The Constitution of UNESCO, which was signed on 16 November 1945, and came into force on 4 November 1946 states that:
“The purpose of the Organization is to contribute to peace and security by promoting collaboration among the nations through education, science and culture in order to further universal respect for justice, for the rule of law and for the human rights and fundamental freedoms which are affirmed for the peoples of the world, without distinction of race, sex, language or religion, by the Charter of the United Nations.”
For those totally unfamiliar with Crete and the situation with UNESCO, the Minoan Civilization of Crete and the greater Mediterranean thrived for thousands of years before Classical Greece or Rome came into existence. From before 3,000 BC to around 1,100 BC, the Minoans built a peaceful maritime empire the likes of which the world had never seen before, and with art and cultural aspects, that have never been seen since.
One trip to Heraklion’s Archaeological Museum by a historian/analyst friend of mine from Germany last summer, proved to me once and for all that very few people understand the immense importance of Knossos and these other heritage heirlooms. Holger Eekhof, who’s from Germany’s oldest city, the former northern capital of the Roman Empire, Treves, commented during our visit to the museum:
“Phil, it’s unbelievable, the richness and vastness of this heritage. What they’ve unearthed and preserved here, is one of humanity’s greatest epochs.”
My wife Mihaela (Mig), who’s one of the most prolific travel writers in the world commented from our office after the shopkeeper, registered her own disbelief that a site like the Pont du Gard (Roman Aqueduct) could be declared a heritage treasure at the same time a Minoan palace founded eons of time before crumbles to dust before our eyes. To call the situation a travesty, is just too mild a criticism. Currently, there are only 18 UNESCO sites in all of Greece, and not one of the Minoan palaces are among them. As for Knossos, this majestic site was turned down in 2009 over creative restorations done by the legendary archaeologist, Sir Arthur Evans, and because UNESCO claimed that there was noise pollution in the area. Read on, and discover the ridiculousness of this latter claim.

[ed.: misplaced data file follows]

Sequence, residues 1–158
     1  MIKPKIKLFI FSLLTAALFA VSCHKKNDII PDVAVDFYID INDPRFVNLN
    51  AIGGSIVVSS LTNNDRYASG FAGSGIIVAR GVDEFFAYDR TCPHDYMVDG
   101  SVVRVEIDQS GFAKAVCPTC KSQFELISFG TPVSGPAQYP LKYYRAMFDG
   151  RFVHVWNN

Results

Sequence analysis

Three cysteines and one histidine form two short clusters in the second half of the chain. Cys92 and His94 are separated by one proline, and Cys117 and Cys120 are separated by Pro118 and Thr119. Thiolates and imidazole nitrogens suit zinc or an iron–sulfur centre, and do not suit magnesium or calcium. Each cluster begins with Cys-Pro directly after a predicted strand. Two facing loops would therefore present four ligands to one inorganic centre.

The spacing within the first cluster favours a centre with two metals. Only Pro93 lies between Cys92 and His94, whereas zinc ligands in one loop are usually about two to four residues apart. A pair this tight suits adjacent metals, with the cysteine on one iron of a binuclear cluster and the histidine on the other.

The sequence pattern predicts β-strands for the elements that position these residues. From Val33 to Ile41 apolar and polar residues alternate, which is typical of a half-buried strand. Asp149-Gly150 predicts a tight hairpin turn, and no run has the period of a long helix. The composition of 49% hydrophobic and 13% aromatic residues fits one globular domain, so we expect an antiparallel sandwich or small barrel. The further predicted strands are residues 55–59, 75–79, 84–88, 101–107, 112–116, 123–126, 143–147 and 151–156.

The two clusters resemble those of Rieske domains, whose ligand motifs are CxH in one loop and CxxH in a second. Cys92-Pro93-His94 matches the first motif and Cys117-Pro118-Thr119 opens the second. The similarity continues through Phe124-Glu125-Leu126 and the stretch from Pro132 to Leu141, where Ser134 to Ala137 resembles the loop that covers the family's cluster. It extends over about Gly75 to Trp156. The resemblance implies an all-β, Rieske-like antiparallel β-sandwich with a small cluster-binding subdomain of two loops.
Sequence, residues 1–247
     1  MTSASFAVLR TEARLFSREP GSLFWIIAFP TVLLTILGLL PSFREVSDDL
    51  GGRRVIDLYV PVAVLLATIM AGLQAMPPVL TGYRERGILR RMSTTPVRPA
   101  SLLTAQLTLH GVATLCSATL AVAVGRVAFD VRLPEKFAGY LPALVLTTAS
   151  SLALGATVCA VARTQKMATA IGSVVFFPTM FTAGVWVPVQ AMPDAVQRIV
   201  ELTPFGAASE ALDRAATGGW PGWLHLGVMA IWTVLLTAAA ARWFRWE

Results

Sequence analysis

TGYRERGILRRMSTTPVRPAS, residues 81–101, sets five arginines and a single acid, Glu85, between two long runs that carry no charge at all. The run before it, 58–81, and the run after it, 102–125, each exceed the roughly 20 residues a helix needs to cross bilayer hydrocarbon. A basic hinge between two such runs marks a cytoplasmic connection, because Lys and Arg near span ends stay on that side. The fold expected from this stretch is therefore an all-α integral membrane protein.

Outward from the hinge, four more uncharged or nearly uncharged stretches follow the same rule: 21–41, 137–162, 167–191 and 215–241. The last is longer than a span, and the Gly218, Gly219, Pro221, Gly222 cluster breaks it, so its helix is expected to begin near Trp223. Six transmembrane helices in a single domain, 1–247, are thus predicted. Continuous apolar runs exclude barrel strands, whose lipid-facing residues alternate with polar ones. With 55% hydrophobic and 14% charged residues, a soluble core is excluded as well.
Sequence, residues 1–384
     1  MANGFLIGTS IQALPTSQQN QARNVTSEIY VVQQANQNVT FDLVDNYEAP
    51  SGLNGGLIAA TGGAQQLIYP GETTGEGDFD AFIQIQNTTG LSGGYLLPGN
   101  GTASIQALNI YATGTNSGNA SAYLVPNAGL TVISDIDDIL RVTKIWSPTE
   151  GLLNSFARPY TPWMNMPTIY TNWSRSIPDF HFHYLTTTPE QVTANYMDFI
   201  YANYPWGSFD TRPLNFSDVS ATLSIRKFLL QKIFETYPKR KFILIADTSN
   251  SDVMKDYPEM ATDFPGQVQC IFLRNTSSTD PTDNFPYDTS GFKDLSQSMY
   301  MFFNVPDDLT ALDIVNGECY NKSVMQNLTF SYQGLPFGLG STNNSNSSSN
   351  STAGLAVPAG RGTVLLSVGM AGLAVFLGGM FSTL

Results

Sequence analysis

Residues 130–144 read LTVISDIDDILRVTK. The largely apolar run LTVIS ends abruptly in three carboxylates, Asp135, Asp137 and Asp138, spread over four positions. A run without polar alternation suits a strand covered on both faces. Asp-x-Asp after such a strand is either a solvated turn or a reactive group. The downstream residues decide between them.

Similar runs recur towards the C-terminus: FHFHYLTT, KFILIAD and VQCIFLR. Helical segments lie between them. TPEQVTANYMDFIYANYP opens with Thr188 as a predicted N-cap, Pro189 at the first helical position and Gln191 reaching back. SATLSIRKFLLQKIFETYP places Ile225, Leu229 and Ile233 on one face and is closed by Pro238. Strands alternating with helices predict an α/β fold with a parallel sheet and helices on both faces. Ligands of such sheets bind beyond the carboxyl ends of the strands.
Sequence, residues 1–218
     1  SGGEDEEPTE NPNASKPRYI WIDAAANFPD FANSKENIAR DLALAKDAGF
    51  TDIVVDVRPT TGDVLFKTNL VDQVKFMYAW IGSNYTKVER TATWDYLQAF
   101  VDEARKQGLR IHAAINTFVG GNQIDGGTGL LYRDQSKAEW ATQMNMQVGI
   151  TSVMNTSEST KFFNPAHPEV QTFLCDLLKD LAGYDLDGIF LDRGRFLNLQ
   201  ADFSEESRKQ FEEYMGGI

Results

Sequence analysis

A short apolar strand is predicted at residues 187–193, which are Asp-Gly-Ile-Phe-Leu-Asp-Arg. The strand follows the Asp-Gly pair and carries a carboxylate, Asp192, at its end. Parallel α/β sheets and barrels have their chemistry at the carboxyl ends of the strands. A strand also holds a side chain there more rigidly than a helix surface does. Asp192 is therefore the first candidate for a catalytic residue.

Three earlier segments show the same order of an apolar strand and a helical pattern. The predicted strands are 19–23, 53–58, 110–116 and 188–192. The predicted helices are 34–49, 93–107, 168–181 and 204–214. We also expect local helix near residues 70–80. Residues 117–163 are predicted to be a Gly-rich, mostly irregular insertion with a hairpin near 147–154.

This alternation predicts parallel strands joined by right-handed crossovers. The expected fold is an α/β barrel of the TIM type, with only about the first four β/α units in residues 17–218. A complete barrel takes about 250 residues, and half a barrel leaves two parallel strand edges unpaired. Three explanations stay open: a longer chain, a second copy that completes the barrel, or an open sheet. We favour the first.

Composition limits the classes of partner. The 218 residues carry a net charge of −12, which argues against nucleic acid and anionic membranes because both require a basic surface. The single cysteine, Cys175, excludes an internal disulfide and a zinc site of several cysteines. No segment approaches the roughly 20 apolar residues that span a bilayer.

Questionable UNESCO Values
It seems as if logic would prevail in all these UNESCO listings, but no simple logic seems in use for me. Take the Völklingen Ironworks in Germany’s Saarland region, for instance. Founded in 1881, the Saarland metalworks were named UNESCO treasure back in 1994. This tribute to German industriousness and metalworking lore, and for being the only intact integrated mill in America or Europe from the 19th and 20th centuries. There are several reasons I chose these ironworks here. First and foremost, UNESCO has funded and supports this dilapidated steel mill for its amazing contribution to human heritage, at the same time the unrivaled (British School at Athens Studies) Bronze Age metallurgical geniuses in Minoan forges are forgotten because of lack of funding.
Metallurgical art that cannot even be reproduced today sits in exhibits in Heraklion’s Archaeological Museum, and UNESCO is helping Germany preserve rusty blast furnaces in Völklingen for future generations to learn of modern industrial might. Please forgive the sarcasm, but this is the rarest form of madness. Read this UNESCO report in PDF form, should you doubt me. I will leave it to those imbued with an investigative sense to figure out why a German environmental disaster was converted into a tourist attraction. For those of us worried true world heritage is being ignored, let me continue.